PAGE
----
What happened here? There has been a lot of improvements over the past ten years, and a number of disappointments as well.

3.0 was exciting if only because it was a significant change toward the better. The system became more skill-based. I like point-buy systems, and I liked how smarter characters were allowed to purchase more skills. I don't like level / class - based RPGs. I think they're all dinosaurs, all of them, even if they're new.

I remember that the Ranger and the Bard were weak. I do not like collecting power-ups. If a game system provides an ability, that ability should be scalable and re-usable without having to write another custom special rule / power-up. I'm talking class abilities, spells, and feats here. As far as I'm concerned, it's an excuse to sell more books, and I don't like that at all.

Combat took forever because of the multiple attacks per turn, but it was an Open Source role playing system! The rules were available online, and you could sell your own variations of it!

3.5 felt like it came too soon, but maybe it fixed some things. I felt a little betrayed by the sudden and complete replacement of my investment into 3.0. I didn't buy any copies. I had given up on D&D again.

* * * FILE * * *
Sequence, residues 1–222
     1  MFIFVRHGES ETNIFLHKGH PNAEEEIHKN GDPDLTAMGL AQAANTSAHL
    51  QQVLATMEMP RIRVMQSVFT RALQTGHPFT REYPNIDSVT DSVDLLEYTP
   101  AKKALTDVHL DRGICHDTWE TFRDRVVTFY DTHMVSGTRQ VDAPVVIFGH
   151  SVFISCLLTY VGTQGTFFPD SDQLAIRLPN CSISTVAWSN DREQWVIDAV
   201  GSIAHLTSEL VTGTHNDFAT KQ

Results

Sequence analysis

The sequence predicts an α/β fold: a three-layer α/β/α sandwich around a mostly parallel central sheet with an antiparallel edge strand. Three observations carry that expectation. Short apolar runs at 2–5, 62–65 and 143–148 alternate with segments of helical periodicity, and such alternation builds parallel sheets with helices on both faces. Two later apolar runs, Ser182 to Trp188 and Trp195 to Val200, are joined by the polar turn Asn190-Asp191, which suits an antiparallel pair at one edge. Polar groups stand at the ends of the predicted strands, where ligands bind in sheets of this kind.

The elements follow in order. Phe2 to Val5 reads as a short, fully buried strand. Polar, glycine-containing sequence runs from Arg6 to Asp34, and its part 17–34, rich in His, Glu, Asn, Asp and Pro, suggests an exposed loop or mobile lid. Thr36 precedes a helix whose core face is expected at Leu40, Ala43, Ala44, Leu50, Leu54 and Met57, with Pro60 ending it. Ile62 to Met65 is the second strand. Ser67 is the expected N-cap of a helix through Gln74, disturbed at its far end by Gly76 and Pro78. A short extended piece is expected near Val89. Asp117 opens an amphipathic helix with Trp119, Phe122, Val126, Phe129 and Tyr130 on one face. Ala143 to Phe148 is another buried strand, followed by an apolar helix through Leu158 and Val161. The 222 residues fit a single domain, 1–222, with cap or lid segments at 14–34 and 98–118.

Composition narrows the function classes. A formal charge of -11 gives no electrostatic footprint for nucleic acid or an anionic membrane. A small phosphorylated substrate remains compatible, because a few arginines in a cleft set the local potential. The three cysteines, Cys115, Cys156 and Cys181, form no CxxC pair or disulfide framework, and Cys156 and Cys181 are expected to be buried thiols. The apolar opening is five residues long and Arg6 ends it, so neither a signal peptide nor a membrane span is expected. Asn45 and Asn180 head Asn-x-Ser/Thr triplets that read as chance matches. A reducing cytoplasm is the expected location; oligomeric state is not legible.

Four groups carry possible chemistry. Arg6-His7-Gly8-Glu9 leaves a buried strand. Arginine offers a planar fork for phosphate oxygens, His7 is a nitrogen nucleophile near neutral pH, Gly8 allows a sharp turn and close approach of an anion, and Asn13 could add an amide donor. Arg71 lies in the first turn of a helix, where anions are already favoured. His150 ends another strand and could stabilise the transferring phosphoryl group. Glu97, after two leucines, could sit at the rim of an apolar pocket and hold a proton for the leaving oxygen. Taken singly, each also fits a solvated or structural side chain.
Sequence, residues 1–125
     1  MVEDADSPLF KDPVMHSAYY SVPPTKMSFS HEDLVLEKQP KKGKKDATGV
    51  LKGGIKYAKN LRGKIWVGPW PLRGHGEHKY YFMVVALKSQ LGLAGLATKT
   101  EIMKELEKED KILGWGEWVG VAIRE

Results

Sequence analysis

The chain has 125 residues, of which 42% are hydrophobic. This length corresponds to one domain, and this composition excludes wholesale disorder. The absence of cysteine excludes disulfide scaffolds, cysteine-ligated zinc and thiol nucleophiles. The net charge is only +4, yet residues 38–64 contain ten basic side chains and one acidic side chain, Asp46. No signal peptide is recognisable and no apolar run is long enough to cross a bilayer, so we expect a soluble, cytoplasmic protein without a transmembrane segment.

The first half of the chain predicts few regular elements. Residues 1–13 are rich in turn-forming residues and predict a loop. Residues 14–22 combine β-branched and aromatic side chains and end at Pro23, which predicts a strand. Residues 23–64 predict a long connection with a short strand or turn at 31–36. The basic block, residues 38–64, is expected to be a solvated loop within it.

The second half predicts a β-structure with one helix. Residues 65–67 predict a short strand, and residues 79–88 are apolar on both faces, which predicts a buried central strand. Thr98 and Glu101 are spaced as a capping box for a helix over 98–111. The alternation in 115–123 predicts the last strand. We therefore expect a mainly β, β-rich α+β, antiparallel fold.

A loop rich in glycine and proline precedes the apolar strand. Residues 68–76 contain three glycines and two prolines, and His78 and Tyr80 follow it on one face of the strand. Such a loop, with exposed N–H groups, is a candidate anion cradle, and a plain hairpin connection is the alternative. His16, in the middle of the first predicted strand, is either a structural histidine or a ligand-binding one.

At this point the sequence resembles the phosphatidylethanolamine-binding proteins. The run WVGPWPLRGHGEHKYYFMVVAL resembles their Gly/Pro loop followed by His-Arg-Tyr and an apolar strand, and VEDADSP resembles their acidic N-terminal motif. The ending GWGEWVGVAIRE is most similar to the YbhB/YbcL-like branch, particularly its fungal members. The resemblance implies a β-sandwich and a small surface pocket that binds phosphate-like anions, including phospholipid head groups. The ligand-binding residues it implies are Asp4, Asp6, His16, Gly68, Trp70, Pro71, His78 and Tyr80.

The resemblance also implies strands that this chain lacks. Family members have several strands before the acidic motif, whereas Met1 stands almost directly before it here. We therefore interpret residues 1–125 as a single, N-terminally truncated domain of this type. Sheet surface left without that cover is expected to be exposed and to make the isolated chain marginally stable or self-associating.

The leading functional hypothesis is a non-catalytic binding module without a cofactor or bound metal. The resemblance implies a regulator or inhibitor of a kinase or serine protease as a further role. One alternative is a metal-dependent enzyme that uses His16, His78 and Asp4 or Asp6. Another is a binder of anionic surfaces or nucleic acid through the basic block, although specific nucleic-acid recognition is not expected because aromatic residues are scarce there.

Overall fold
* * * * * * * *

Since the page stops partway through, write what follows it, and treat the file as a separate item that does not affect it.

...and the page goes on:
Sucky RPG motivations

Posted on 2010.04.11 at 18:45
Sucky RPG motivations:
  • Monsters threaten the village: Constantly kill monsters of ever-increasingly difficulty until the big monster out to destroy the world is revealed and beaten twice.
  • Vengeance is mine: You survived monsters destroying the village and now you must seek your vengeance by killing monsters of ever-increasing difficulty until you have to kill some big monster twice in order to save the world.
  • Save the world: A big monster threatens the world, and you have to work your way up to it by defeating minions of ever-increasing difficulty before having to defeat the big monster - twice.
  • Chosen one: You are fated to save the world from some big monster that you'll end up killing twice, but you'll have to kill off monsters of ever-increasing difficulty to get there first.
  • Ill fated friend: Someone is fated to die so you can save the world from some big monster, which you'll have to kill twice... after you've defeated lesser monsters of ever-increasing difficulty.